Distributed job runner/task scheduler with postgres and spring

Distributed job runner/task scheduler with postgres and spring

with code samples in Kotlin

Mar 15, 2023ยท

3 min read

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Imagine a scenario where there is a system that is inserting new rows occasionally in your database table. and your application is querying the database to see if there are any new rows inserted in the table, and if there are any new rows, it will take those rows up and process and update them.

In a non-distributed system, the process of querying the database to see if there are any new rows, and processing and updating them, works fine. However, in a distributed system, there's always the possibility of multiple instances updating a single row, leading to data race and deadlocking.

One of the solutions to this problem is using a distributed job runner/task scheduler. frameworks like shedlock(github.com/lukas-krecan/ShedLock) solve this by employing a distributed lock. Shedlock gives you the guarantee that even in the case of multiple instances/nodes/threads, a task lock can be acquired by at most 1 node. But this is not the most efficient and scalable solution in a distributed environment. If there are multiple nodes, only one node will do all the processing, and other nodes will be idle, effectively emulating a non-distributed environment.

A better solution is to leverage the Postgres pessimistic locking in combination with skip_locked to pick up equal amounts of rows to process. This way, we can scale up or down the number of nodes to handle the load. Let me show how in an example.

Example with Spring boot


Let's assume there is a very simple table consisting of only 2 columns, the primary key id and the data,

    data TEXT, 
    processed BOOLEAN

The equivalent JPA entity and repository would be,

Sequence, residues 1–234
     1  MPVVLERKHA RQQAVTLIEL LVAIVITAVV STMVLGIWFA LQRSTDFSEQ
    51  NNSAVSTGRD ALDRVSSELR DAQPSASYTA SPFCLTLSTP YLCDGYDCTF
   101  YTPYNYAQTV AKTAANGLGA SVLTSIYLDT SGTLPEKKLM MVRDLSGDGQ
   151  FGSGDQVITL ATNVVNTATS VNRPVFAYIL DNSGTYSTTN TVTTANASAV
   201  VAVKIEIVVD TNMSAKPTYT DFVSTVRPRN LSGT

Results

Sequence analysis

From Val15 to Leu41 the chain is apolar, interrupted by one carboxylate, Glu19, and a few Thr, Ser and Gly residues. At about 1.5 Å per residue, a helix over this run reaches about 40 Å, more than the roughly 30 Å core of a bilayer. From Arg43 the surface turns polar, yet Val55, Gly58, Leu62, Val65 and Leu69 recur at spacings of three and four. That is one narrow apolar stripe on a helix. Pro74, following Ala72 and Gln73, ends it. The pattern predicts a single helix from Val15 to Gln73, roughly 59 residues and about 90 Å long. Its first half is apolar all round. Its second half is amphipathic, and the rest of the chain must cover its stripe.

class Test(
    @Id val id: Long,
    val data: String,
    val processed: Boolean

interface TestRepository: JpaRepository<Test, Long>

Now imagine someplace where we need to check for new rows in the table and update them,

class TestService(private val testRepo: TestRepository) {

    fun doSomething() {
        val t = testRepo.findFirstByProcessedIsFalse() // ----- (1)
        if (t != null) {                       

    private fun process(t: Test) {
        TODO("do processing")
  • (1): this method does not exist yet. We'll add them next
interface TestRepository: JpaRepository<Test, Long> {
    fun findFirstByProcessedIsFalse(): Test?


A single instance of this code will run just fine. But in a distributed system, there would be data race when multiple nodes will try to get a hold of the same row from the DB table. Since this operation is transactional, only one node will be able to acquire the locks. This will result in blocked threads in other nodes, which will either wait till the lock is released or the DB lock timeout is up.


Let's solve this using pessimistic locking in combination with skip_locked.

const val SKIP_LOCK = "-2"
interface TestRepository: JpaRepository<Test, Long> {
    @Lock(LockModeType.PESSIMISTIC_WRITE) // ------ (1)
    @QueryHints(QueryHint(name = AvailableSettings.JPA_LOCK_TIMEOUT, value = SKIP_LOCK)) // ------ (2)
    fun findFirstByProcessedIsFalse(): Test?

The method employs two tricks:

  1. @Lock(LockModeType.PESSIMISTIC_WRITE) creates and holds a pessimistic lock on a row. As long as the lock is held, the rows cannot be edited by other threads.

  2. @QueryHints(QueryHint(name = AvailableSettings.JPA_LOCK_TIMEOUT, value = SKIP_LOCK)) instructs other threads not to wait for acquiring the pessimistic locks and instead skip them and move on to the next free row. This is achieved by changing the JPA_LOCK_TIMEOUT mode. The SKIP_LOCK timeout mode value in JPA is -2.

And thats it. No need to change the rest of the code. This will ensure that the nodes in a distributed system will be able to get a hold of unique rows and do processing on them, effectively enabling a more scalable system.

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